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McNair Scholar gains first-hand insights on public health disparities

August 15, 2017
student at a poster presentation of her research resultsJoy Nicholas '19, at a poster presentation for her research results. She worked on research focused on the role race and ethnicity play in health disparities around breast feeding. (University photo / Bob Marcotte)
retro travel postcard says SUMMER OF RESEARCH AT THE UNIVERSITY OF ROCHESTER

Summer of Research: Our latest Newscenter series showcases a cross-section of summer research conducted by undergraduates at Rochester and beyond.

Joy Nicholas ’19 got her first look at the research process this summer—and likes what she saw.

“I like the opportunity that research presents to bring awareness to an issue that a lot of people don’t know about,” says the rising junior in public health. “You can use the research to help advocate for people and to make a change.”

Nicholas, a McNair scholar, studied whether race and ethnicity is associated with suboptimal infant feeding practices. For example, are low-income, minority women more likely to disregard recommendations that they exclusively breastfeed their infants for the first six months, and instead start introducing solid foods or other liquids such as water or juices?

Thanks to her mentors—Ann Dozier, a professor and chair of public health sciences at the Medical Center, and Holly Widanka, a senior health project coordinator in the department—Nicholas got a comprehensive, nuts-and-bolts look at what the research endeavor involves.

She stuffed envelopes with the surveys that Dozier’s lab sends out four months postpartum to all mothers who give birth in Monroe County. When the surveys came back, she coded them and performed data input and analysis. Nicholas attended meetings with the team as well as with low-income mothers and fathers for further feedback on survey results. She then transcribed the meeting discussions and coded the comments relevant not only to breastfeeding and complementary feeding, but safe sleeping and passive smoking.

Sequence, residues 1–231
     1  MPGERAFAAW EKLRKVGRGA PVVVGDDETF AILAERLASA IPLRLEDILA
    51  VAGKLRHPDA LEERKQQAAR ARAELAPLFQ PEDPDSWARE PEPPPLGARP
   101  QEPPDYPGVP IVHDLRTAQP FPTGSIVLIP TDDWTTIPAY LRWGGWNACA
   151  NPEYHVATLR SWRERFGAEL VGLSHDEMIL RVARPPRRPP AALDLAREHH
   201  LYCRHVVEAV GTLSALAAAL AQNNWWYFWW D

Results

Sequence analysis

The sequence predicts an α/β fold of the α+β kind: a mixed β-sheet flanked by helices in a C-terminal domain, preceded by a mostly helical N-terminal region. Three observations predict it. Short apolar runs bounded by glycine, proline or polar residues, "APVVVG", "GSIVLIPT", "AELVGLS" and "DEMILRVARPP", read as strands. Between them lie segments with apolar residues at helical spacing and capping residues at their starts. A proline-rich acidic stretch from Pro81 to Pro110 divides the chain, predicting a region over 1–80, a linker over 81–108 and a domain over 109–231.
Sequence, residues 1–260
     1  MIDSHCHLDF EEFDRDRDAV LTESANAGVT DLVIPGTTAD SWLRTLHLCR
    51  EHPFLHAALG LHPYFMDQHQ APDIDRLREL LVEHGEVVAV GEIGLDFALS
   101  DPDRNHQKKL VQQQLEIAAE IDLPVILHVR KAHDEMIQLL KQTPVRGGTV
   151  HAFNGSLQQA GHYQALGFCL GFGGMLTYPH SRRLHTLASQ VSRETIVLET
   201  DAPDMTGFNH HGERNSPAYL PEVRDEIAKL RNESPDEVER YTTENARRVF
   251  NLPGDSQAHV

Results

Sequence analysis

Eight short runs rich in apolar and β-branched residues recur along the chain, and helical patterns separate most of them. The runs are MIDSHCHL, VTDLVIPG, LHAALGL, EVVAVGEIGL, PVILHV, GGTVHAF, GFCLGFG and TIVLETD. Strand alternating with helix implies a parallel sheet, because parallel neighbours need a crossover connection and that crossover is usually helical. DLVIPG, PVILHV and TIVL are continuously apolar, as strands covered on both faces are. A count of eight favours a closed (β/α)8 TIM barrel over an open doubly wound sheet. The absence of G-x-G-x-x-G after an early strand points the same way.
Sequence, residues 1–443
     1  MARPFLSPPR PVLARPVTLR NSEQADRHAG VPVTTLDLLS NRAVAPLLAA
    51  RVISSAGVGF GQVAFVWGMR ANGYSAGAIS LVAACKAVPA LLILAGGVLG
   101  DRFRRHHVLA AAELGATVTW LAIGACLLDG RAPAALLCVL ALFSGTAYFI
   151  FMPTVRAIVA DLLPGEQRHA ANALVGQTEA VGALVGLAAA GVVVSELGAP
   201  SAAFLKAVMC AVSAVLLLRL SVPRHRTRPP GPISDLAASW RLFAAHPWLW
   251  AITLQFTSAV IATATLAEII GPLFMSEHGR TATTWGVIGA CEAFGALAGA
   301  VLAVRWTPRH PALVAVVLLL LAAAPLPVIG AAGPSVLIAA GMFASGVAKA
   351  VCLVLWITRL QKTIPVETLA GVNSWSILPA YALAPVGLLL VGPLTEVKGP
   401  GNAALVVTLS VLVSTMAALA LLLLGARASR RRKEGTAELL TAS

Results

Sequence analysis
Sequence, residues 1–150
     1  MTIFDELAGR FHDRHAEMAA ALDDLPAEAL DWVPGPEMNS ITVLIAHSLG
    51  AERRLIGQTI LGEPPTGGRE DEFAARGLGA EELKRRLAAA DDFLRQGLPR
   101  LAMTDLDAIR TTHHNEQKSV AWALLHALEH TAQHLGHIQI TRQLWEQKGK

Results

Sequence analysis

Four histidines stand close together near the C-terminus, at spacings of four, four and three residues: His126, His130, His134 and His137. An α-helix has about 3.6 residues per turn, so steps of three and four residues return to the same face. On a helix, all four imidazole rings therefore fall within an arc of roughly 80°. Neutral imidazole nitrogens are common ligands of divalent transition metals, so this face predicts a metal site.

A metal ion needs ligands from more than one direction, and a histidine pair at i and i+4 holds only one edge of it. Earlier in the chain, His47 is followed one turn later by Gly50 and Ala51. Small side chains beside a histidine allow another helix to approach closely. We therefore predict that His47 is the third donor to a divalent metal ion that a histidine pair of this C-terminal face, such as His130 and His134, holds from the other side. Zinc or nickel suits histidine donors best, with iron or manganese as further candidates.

She even practiced giving a poster presentation of research findings.

“Oftentimes McNair scholars are really putting their toe in the water,” says Dozier. “Our intention is to give them an immersion during their eight weeks with us, so they fully experience what research looks like, including the grunt work that you have to do.”

In fact, some students learn first-hand that research is not necessarily something they want to pursue in the future, notes Dozier. “But it helps them hone more clearly what kind of career they want to have.”

Nicholas says her experience this summer has given her new insights into a complex public health issue.

“A lot of mothers listen to family members or peer advice about how to feed their infants, even more than they listen to their doctors, and start introducing cereal or porridge in their infants diets [before the six months expires],” she says. “So it’s a challenge getting consistent messaging out about the recommendations.”

She’s grateful for the rigorous introduction Dozier and Widanka devised for her—grunt work and all.

“Hearing about research and actually doing it is completely different. You learn so much by being involved in different aspects of it,” Nicholas says. “I really liked it. I can see myself doing this.”

Nicholas grew up dreaming of one day joining Doctors without Borders. Now she’s found her niche in public health, and is aiming to earn a master’s degree, perhaps after a stint working abroad with the Peace Corps.

“Optimal breast feeding is a especially important in developing countries,” Nicholas says, “because sometimes the water is not safe, and formula dilution carries a high risk of threatening the baby’s health.”

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Category: Student Life